# rigorous proof of simple phenomenon

Suppose we want to prove the following simple statement rigorously -

If the number of beads in a necklace is $$n$$ then there exists a colored (suppose we have infinitely many colors at our disposal) necklace of minimal period $$k$$ (rotations) iff $$k|n$$.

Intuitively this seems obvious, but how do you make a rigorous proof?

EDIT : I think i figured this one : given that for some string of length $$n$$, $$k$$ is the minimal period, use the euclidean algorithm to get $$n=qk+r$$, $$0\leq r. Then it is easy to see that the string is also $$r$$-periodic (because it is $$n$$-periodic & $$qk$$-periodic). So $$r=0$$ because $$k$$ is minimal. The other direction of the proof is quite easy - just break up the string into chunks of $$k$$ beads, color every bead differently and repeat for all chunks.

• Make a period with $k-1$ red and $1$ blue, what's the problem ?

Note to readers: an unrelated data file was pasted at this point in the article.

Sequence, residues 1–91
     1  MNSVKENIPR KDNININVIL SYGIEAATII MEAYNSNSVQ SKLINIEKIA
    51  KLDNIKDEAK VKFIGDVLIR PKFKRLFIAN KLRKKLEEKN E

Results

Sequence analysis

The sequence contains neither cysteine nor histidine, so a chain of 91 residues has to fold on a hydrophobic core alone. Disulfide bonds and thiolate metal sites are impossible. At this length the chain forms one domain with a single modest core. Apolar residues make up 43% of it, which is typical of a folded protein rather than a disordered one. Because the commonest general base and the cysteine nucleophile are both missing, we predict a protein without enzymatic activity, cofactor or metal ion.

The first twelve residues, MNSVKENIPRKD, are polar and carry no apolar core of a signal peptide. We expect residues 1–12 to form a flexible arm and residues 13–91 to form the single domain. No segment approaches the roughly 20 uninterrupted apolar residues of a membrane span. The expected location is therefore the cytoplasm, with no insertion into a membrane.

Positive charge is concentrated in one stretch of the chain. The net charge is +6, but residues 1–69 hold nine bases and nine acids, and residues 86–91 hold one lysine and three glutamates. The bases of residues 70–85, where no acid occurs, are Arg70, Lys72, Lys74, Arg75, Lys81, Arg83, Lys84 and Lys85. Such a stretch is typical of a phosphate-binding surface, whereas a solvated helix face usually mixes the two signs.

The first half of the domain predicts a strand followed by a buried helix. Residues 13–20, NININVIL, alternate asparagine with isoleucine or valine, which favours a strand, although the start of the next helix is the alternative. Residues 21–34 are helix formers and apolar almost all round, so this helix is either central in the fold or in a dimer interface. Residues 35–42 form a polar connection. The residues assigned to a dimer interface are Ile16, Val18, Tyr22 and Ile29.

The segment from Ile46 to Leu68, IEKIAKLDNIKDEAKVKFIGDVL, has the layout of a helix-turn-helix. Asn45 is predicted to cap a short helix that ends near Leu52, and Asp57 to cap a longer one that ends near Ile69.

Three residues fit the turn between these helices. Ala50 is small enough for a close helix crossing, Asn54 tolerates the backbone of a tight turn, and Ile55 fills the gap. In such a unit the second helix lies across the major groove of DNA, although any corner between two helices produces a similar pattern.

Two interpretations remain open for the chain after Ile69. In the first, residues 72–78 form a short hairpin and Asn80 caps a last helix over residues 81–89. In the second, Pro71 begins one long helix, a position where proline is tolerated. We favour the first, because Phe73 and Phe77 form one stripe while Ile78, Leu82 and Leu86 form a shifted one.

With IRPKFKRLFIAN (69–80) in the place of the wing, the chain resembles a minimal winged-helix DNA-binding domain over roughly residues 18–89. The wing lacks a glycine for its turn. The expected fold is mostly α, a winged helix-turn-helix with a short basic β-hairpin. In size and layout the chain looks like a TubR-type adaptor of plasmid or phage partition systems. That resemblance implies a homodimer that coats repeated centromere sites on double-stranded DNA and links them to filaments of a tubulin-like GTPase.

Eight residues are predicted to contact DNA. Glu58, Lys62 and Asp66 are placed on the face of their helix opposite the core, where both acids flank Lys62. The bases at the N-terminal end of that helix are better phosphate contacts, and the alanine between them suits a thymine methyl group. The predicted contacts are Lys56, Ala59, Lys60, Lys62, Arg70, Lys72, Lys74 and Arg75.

– user65203
Jun 29 '20 at 20:31
• @YvesDaoust The other direction of the double-implication. Jun 29 '20 at 20:37
• How do you define the period if $k\not|n$ ?
– user65203
Jun 29 '20 at 21:18
• @YvesDaoust $\forall i$ Color(Bead$_{i}$) = Color(Bead$_{i+k}$) Jun 29 '20 at 21:24

If $$k\not|n$$ and the period is $$k$$, then take every other $$k^{th}$$ beads. After several turns, you will get $$\dfrac n{\gcd(k,n)}$$ different positions, spaced by $$\dfrac{k}{\gcd(k,n)}$$, holding beads of the same color. Hence the period is $$\gcd(k,n), a contradiction.
E.g. $$k=6,n=15\to\gcd(k,n)=3$$.
The beads $$0,6,12,3,9$$ ($$5$$ of them) have the same color; also $$1,7,13,4,10$$ and $$2,8,14,5,11$$. Hence $$0,1,2$$ is a period !?